Senator Reid’s frustration that progress had stalled as he blamed the Republicans for not bargaining fairly in trying to iron out a compromise signaled to Speaker Boehner that the Democrats will play hardball as well. However, yesterday’s Wall Street Journal article, via quotes from Erskine Bowles, claimed the White House will be flexible when proposing a raise to the top marginal tax rate. This perceived increase in the probability of a near term accord appropriately rallied stocks aggressively. We question why Mr. Obama would leak his best alternative to a negotiated agreement (BATNA) so early in the process, for classic bargaining strategy suggests keeping that information close to the vest as long as possible. Complicating matters, Mr. Obama declared a preference to strike a deal by Christmas which approximates the Friday, December 21 “zero barrier”. Ironically, if the Republicans acquiesce to yesterday’s posturing by Mr. Bowles, then the likelihood of a Moody’s and/or Fitch downgrade rises, for the ratings agencies would almost assuredly be disappointed by a lower than anticipated level of incremental revenues.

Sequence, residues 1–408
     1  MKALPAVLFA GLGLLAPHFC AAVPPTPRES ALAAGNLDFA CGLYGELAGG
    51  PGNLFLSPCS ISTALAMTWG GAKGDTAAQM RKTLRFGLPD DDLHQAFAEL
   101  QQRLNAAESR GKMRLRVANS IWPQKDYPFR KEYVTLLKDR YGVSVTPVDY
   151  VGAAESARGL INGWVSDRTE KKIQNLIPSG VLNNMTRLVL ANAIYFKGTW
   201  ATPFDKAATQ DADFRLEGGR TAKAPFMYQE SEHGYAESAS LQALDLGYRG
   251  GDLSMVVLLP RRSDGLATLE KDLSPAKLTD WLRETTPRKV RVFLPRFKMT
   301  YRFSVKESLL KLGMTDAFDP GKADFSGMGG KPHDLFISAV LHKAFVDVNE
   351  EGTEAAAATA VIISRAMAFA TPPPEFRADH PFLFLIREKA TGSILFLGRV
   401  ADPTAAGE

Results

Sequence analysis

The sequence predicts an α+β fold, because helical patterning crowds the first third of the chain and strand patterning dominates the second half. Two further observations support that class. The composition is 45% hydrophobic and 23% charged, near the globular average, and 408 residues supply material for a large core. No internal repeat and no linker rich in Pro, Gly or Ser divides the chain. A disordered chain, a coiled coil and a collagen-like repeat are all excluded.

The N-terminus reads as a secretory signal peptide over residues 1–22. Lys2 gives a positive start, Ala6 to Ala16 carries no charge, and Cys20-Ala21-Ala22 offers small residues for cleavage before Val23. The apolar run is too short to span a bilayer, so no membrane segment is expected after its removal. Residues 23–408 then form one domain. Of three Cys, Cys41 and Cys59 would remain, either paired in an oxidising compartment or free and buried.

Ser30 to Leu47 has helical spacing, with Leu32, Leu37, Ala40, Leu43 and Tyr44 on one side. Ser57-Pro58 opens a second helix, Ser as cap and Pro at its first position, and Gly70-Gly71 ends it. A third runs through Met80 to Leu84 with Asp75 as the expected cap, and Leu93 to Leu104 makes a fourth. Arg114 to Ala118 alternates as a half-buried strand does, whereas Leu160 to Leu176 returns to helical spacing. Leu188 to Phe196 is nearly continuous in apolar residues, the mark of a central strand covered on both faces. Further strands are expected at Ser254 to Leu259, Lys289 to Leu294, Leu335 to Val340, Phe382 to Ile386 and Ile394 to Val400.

The S&P 500 achieved its anticipated 4-5% bounce off the recent 7-10% pullback, most of it accomplished in a very light holiday trading week. Much of the gains were attributed to overly effusive optimism over the prospects of resolving the fiscal cliff. Ironically, with Washington abandoned the past ten days for Thanksgiving, we have not heard anything substantive on the negotiations since Senator Reid and Speaker Boehner spoke jointly on the White House Lawn on November 16. The returns in equities that resulted from this perceived positive outlook has likely run its course as the blue chip index has regained the levels from the morning after the Election. Certainly, the mundane increases in open interest for the futures and the outperformance by the blue chips versus smaller capitalization names on a beta adjusted basis hint at such vacuous motivation for the upward move.